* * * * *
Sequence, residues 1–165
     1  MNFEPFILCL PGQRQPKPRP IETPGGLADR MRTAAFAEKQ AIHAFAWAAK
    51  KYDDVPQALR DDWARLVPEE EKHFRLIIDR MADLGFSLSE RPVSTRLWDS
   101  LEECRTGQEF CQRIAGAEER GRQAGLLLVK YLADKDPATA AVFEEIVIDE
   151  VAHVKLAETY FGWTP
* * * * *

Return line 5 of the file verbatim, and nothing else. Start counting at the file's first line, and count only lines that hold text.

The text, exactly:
   151  VAHVKLAETY FGWTP